And the increased competition is leading some first-time buyers in Calgary to make hefty compromises, whether it’s on location, price, or even conditions.

“Multiple offers have been occurring for the last year, but it’s definitely been more heightened since the beginning of [2022] because of the lack of inventory,” Ms. Lyall says, noting that while low inventories are normal for January, this year’s demand isn’t. “Now you have lots of demand and very little inventory because people don’t want to put their houses on the market until they find someplace [else] to go.”

Last summer, after a six-year stint of renting in Brooks, Alta., Jacqueline Peterson and her family decided they would relocate to Calgary in 2022, as her job in a clean tech company would require her to live in the city. To accommodate a family of four, the Petersons were looking for a three-bedroom detached home in the inner city and she felt confident that having a $600,000 mortgage pre-approval would help make the buying experience smoother.

But as 2021 came to a close and the market continued to tighten, Ms. Peterson realized that waiting even a single day to inquiry about a property was already too late. “That really drove home to me that there’s not really much time to visit a lot of homes,” she says. And when asking prices in the neighbourhoods she was looking at, such as Ramsay and Inglewood, rose by over $100,000 in January, she knew she had to act fast.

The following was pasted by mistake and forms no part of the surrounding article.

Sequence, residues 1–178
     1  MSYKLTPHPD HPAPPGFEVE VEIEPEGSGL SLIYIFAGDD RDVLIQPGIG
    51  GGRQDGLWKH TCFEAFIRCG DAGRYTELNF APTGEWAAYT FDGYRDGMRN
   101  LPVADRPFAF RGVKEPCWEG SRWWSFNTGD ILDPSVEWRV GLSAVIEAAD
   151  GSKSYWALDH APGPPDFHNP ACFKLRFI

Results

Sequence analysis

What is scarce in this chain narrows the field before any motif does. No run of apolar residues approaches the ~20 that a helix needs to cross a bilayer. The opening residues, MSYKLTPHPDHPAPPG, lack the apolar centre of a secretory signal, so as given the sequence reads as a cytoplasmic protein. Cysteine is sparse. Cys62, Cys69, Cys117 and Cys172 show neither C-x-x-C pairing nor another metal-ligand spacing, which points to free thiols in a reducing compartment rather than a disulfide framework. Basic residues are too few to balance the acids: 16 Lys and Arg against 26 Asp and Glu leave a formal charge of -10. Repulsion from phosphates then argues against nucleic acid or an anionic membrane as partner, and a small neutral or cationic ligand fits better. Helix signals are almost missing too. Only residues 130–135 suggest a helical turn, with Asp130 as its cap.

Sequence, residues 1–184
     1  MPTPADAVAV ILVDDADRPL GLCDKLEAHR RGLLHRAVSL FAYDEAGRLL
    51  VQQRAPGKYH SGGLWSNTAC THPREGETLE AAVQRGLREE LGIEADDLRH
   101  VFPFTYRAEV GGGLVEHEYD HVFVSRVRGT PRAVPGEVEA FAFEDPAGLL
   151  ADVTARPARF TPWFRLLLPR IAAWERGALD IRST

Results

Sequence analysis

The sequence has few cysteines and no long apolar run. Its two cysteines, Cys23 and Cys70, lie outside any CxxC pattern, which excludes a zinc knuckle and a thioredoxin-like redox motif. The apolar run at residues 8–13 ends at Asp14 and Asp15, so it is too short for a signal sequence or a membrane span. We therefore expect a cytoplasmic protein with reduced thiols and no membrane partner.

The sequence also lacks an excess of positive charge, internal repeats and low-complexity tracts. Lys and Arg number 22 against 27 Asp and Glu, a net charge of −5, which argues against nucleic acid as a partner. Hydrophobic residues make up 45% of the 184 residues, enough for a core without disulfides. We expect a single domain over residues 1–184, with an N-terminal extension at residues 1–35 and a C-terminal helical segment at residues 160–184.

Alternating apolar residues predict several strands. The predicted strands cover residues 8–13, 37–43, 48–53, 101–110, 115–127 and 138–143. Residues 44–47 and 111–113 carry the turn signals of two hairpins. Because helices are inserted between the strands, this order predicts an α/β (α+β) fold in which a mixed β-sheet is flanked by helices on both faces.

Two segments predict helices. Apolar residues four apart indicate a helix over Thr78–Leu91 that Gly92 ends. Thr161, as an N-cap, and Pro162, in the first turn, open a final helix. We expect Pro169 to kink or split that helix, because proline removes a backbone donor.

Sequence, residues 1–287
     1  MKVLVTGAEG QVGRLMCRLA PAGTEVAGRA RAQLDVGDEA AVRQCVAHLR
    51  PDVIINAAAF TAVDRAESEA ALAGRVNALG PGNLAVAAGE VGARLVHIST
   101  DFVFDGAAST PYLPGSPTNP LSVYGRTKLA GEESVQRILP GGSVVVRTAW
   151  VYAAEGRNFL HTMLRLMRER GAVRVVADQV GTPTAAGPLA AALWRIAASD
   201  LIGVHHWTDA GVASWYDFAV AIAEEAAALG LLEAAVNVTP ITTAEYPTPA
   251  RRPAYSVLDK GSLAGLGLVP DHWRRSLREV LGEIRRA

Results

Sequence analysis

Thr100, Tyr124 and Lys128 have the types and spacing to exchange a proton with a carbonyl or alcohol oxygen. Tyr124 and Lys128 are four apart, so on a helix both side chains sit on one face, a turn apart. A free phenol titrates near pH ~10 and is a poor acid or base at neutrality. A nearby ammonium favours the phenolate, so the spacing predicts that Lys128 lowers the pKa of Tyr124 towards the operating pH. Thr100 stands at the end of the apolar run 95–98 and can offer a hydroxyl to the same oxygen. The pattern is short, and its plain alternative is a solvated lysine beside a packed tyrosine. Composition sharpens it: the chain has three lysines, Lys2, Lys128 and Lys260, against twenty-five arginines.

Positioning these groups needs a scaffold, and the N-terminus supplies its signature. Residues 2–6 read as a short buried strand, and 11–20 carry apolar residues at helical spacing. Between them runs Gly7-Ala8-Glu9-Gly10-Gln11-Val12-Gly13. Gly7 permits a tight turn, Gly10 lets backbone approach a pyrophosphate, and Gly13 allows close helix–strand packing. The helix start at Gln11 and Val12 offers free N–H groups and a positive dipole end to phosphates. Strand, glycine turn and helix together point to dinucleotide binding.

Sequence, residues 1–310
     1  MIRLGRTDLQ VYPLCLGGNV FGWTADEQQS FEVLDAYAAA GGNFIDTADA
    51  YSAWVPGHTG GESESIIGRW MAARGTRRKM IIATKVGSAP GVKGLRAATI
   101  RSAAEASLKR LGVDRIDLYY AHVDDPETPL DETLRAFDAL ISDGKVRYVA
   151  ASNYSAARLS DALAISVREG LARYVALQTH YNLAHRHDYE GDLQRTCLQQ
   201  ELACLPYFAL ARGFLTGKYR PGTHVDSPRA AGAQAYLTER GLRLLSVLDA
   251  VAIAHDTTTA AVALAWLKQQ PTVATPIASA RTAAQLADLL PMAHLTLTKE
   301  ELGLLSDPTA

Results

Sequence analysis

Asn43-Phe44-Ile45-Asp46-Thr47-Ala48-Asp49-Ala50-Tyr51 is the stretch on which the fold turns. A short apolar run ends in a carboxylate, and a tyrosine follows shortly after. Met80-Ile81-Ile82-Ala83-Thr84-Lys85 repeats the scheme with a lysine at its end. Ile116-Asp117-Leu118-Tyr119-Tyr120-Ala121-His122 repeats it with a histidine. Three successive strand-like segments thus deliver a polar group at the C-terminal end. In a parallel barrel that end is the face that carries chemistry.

In early January, Ms. Peterson placed her first conditional bid on a 1950s bungalow in Ramsey, just five hours after her dad had toured the house on her behalf. But the deal fell through when the property didn’t meet her minimum requirements during the inspection. A week later, a two-bedroom detached home built in the nineties in Windsor Park piqued her interest and after doing a virtual tour, she was ready to make a move.

Knowing there would be multiple bidders (there were five), she offered $607,000, or 10 per cent over-asking, for a $550,000 home. “We still had the condition of the house inspection,” Ms. Peterson says. “But we didn’t have any other conditions.” In addition, following the advice of her realtor, she wrote a personal note to the seller – and it worked. “There was one other offer that was very similar to ours,” she says. “But with no conditions at all. [The seller] said they chose ours because of our note, and our connection to the community.”

Even though Peterson believes she got a fair deal, for a first-time buyer, her experience is far from ordinary. According to Corinne Lyall, a Calgary broker and owner of Royal LePage Benchmark, “somebody that’s ready to buy will usually buy within a month or two, depending on what kind of inventory there is.” And in a balanced market, she says, most buyers would usually look at between 12 and 14 properties before making a move – rather than two, like Ms. Peterson did.

“We’ve been pretty lucky in that the two offers that we did put in, we theoretically got both of them,” Ms. Peterson says. “But we acted fast and we made strong offers.”

In such a hot market, however, “there’s probably more of an opportunity for syndicate groups if they’re going to purchase more than one property.” Ms. Lyall says. “And if they’re coming from a place like Vancouver or Toronto, where they do have excess cash, being able to compete in buying houses and put in a large down payment would give them immediate cashflow.”

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Jacqueline Peterson believes she got a fair deal, for a first-time buyer, but her experience is far from ordinary.TODD KOROL/The Globe and Mail